Recently, dozens of top scientists, including Arp, Eric J. Lerner, and Michael Ibison authored an open letter to the scientific community, arguing that the dominance of big bang theory “rests more on funding decision than on the scientific method.” They write: “Today, virtually all financial and experimental resources in cosmology are devoted to big bang studies. Funding comes from only a few sources, and all the peer-review committees that control them are dominated by supporters of the big bang. As a result, the dominance of the big bang within the field has become self-sustaining, irrespective of the scientific validity of the theory.

  32. 32
    P. Phillips says:

    To clarify, I meant that Dave Scott ignores me too, and that’s fine. My posts are not peer reviewed. Well, God Bless David Heddle, he certainly “peer reviewed” me! Really, no hard feelings, I have to laugh.

    David, does the lack of peer review stop you from reading Theodore Dalrymple or the Pope’s statements on “logos” today? I suspect peer review in the wrong hands is very much a “sword”. I do see the tactics of intimidation used as “acting without reason”.

    From Reuters:

    Benedict several times quoted the argument by Emperor Manual II Paleologos that spreading the faith through violence is unreasonable and that acting without reason — “logos” in the original Greek — was against God’s nature.

    At the end of his lecture, the Pope again quoted Manuel and said: “It is to this great ‘logos’, to this breadth of reason, that we invite our partners in the dialogue of cultures.”

  33. 33
    P. Phillips says:

    Here’s a better excerpt, and let me know when the entire text posts! (No, I’m not Catholic but I appreciate wisdom):

    http://www.catholicnews.com/da.....605188.htm

    The pope’s main point, developed in an academic style, was that in the Western world the growing separation between faith and reason has resulted in a “dangerous state of affairs for humanity,” in which society tries to construct a system of ethics without taking religion seriously and individuals try to make moral choices based solely on the subjective conscience.

    He said this was partly the result of a long process of “de-Hellenization” of Christian theology, in stages marked by an overemphasis on Scripture, a reduction of the Gospel to a “humanitarian moral message” and the creation of a gulf between theology and scientific empiricism.

    The pope said his broad-brush “critique of modern reason” did not aim to turn back the clock or ignore the progress made and the new possibilities opened for humanity. But the church also sees dangers, he said, and believes they can be overcome “only if reason and faith come together in a new way.”

    When the West invites others to a “dialogue of cultures,” it should do so with the understanding that religion is an essential part of its own culture, he said. But in fact, he said, it is widely held in the Western world that the only authentic knowledge is scientific knowledge, and that religion is a purely subjective experience.

    “The world’s most profoundly religious cultures see this exclusion of the divine from the universality of reason as an attack on their most profound convictions,” he said.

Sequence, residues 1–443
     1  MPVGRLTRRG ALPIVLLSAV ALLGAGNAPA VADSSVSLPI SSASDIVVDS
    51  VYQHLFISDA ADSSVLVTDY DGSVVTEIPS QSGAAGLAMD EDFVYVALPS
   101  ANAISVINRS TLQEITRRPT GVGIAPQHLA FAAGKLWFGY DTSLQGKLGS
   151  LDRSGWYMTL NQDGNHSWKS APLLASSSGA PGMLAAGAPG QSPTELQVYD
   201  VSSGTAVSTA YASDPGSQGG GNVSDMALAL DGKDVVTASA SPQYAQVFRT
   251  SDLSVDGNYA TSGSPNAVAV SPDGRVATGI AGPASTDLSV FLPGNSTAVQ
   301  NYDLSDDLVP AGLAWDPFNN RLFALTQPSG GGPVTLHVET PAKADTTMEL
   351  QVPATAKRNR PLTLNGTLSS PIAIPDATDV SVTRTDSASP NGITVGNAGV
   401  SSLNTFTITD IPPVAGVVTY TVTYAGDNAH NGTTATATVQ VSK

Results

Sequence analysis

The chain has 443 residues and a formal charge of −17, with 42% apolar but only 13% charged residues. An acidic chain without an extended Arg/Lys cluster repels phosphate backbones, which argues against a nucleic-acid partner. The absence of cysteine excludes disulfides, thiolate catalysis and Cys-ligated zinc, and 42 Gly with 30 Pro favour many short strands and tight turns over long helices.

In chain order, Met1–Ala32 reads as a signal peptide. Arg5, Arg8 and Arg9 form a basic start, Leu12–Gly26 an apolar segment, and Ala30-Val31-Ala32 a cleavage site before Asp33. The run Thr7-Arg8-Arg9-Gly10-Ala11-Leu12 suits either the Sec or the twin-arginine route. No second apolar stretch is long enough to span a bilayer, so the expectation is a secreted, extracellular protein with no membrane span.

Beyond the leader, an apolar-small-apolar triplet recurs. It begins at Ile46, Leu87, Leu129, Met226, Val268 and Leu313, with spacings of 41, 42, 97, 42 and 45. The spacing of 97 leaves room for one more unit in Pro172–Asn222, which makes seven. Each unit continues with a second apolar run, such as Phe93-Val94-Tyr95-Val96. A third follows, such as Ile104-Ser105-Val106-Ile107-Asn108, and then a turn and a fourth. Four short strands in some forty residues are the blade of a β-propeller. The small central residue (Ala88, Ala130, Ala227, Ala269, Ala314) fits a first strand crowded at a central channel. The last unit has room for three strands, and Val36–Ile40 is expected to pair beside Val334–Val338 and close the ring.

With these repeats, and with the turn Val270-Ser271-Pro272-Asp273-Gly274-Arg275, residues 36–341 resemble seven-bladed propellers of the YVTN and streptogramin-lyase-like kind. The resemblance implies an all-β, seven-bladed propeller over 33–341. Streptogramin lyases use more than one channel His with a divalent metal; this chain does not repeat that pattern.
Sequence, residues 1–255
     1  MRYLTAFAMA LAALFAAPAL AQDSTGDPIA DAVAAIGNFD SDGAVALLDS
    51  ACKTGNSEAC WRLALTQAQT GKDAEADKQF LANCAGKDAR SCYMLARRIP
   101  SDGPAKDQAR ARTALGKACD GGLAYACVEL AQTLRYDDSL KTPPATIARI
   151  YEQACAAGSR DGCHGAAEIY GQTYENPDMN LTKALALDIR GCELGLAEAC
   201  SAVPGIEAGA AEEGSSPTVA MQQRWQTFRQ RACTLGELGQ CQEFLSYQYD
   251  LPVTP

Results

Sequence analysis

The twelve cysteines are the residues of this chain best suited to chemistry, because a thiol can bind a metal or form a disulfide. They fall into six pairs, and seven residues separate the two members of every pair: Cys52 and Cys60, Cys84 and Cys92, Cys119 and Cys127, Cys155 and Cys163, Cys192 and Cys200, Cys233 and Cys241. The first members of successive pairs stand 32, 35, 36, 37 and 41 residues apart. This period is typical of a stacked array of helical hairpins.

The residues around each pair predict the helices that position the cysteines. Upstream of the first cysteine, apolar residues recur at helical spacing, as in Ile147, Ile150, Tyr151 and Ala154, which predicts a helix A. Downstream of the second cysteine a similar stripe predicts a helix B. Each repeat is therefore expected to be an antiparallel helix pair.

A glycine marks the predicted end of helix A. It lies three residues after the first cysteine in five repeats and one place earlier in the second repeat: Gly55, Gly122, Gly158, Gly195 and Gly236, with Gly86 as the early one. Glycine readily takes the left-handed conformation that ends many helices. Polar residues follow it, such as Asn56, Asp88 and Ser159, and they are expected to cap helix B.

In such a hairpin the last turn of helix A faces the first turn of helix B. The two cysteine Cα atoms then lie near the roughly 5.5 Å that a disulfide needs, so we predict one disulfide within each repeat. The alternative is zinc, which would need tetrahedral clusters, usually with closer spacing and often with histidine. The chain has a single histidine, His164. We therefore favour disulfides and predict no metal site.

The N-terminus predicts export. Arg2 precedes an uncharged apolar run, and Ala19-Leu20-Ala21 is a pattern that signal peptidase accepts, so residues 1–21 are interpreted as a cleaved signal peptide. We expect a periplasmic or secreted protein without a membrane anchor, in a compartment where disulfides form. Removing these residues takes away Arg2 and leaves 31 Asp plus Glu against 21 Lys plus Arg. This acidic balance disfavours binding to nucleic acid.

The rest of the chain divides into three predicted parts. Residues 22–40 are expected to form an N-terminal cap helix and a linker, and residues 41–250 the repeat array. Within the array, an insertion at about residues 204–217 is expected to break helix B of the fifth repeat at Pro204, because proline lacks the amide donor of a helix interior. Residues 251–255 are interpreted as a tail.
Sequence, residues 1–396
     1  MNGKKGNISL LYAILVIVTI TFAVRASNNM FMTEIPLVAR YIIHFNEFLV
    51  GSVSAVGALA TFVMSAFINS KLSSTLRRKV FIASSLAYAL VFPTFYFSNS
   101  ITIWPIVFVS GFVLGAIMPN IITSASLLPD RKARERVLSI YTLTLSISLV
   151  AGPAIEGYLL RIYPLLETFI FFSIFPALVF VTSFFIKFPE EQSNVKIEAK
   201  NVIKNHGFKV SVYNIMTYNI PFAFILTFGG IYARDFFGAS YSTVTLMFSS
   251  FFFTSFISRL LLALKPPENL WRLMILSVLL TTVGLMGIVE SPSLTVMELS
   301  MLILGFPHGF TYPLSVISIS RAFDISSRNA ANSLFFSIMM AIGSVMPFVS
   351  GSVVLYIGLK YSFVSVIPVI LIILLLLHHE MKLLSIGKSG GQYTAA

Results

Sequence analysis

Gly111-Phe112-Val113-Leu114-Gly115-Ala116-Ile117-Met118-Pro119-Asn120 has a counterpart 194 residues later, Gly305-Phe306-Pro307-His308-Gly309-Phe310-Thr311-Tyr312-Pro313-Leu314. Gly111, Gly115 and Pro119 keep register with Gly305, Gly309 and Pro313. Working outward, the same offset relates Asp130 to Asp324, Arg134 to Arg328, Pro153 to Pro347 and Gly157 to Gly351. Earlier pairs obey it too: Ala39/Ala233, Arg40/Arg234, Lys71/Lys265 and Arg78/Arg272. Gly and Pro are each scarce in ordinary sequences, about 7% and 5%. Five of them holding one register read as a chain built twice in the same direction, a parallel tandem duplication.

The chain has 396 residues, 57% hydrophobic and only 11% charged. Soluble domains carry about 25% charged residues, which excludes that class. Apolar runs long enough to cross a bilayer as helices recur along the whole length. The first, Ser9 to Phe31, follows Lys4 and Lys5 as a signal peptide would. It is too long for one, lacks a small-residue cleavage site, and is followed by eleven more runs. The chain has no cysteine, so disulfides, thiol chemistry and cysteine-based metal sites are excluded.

The pope said the West needs to recover the rightful place of philosophy and theology, so that it can say — like the Byzantine emperor who debated the Muslim scholar — that “not to act reasonably … is contrary to the nature of God.”

    The Vatican underlined the academic character of the pope’s address by noting on the text handed out to journalists that a later version would be issued, complete with footnotes.

  34. 34
    Patrick says:

    Philips, your comment was indeed in the spam filter. Also, try to use the blockquote tag so it’s easier to follow your comments.

  35. 35
    P. Phillips says:

    Sorry; e-mail me how to use “block quote”; is that the thick double line that goes down the middle? How do you do that?

    Anyway, when/if I hear from Wallace Thornhill, he may not have comments, probably I’m done!

    Thanks, Patrick!

    Have a great evening, everyone 🙂

  36. 36
    P. Phillips says:

    Oh, on my long quote, it should read:

    Yet you acknowledge I.D., despite its difficulties in obtaining access to mainstream publications, and you are of course very well aware of the difficulties of plasma cosmology adherents being published in the “peer-reviewed” literature. After all, that’s how Einstein, the patent clerk, made such a “big bang”, in peer reviewed literature. And when Arp was denied time, and publication of his work, the peers were of course showing how wise they were.

    To everyone other than David, do consider that once again we see today evidence that any dissent against orthodox dogma is not considered unless it is “peer reviewed”. And when the peers deny access, thus creating a Catch 22, just as the Neo-Darwinians do to proponents of Intelligent Design, well, the thought police have indeed won a great moral victory, ensuring against corruption of the credulous.

  37. 37
    sinclairjd says:

    The following site responds to critics of the Big Bang such as the ones raised in the comments section of this post:

    http://math.ucr.edu/home/baez/RelWWW/wrong.html